cd usr/include/GL
	cp *.h /usr/include/GL
	# usr/include/GL is a subdirectory in the NVIDIA_GLX package.
	# /usr/include/GL should be a symlink to /usr/X11R6/include/GL
	# so you could copy to there instead if you want.

	# Make a basic XF86Config file using the "nv" driver:
	cd /etc/X11
	# Follow the prompts and fill in the information xf86config asks for.
	# Select the Nvidia GeForce or appropriate name.
	# You can test X with this XF86Config file, or continue for OpenGL:

	# You must edit XF86Config and set the following:
	vi XF86Config
	#	Load "glx"
	#	Replace 'driver "nv"' with 'driver "nvidia"'
	#	Put "1600x1200" first (or your preferred screen resolution)
	#	Copy ttf fonts from Windows into a font directory and add a font path.
    #            Use ttmkfdir (check freshmeat.net) to a fonts.dir file.
	#	A good place to keep your own fonts is /usr/local/share/fonts ...

	# Nvidia drivers do NOT use the dri module - don't load it.

        # You may like to edit /etc/X11/xinit/xinitrc to have run "startkde"
        # or "gnome-session" instead of twm.

	# Note: /usr/include/GL should be a symlink to /usr/X11R6/include/GL

Specifying "nvidia" for the driver in the XF86Config makes that take effect each time you startx. But the NVdriver kernel driver will have to be loaded before you startx. It can be loaded with:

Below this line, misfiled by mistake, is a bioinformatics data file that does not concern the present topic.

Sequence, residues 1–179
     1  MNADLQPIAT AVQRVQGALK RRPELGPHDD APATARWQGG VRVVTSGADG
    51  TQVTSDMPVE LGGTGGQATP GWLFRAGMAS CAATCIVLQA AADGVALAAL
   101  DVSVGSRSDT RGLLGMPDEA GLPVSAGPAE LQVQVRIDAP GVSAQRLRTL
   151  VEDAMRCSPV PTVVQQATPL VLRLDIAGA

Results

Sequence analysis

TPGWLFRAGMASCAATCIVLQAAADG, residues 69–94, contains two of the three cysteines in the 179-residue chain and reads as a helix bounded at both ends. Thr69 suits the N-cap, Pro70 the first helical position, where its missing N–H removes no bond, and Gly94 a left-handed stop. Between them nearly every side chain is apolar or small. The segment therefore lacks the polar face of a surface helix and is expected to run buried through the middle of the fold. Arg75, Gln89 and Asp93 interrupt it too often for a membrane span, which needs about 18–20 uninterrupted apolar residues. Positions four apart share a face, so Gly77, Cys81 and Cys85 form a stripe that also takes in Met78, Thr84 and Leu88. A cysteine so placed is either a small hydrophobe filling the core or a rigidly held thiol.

# to load it
		insmod NVdriver
		# If you need to unload it:
		rmmod NVdriver
You should not have to use insmod manually. The NVdriver installation should have inserted a line into /etc/modules.conf (or conf.modules) that looks something like:

                alias char-major-195 NVdriver
If this line is present, NVdriver is loaded automatically when X is started. You can check if its loaded using the command, lsmod.

In my experience, your video system will become unstable if you compile, load, and unload the NVdriver module. You should reboot your system after rebuilding this module to help make sure your system doesn't lock inside X. Its possible that your screen will go black and the keyboard will become unresponsive after switching NVdriver. It is advisable to always have another computer with telnet or ssh that you can use to get into your Linux box to shut it down properly if this happens.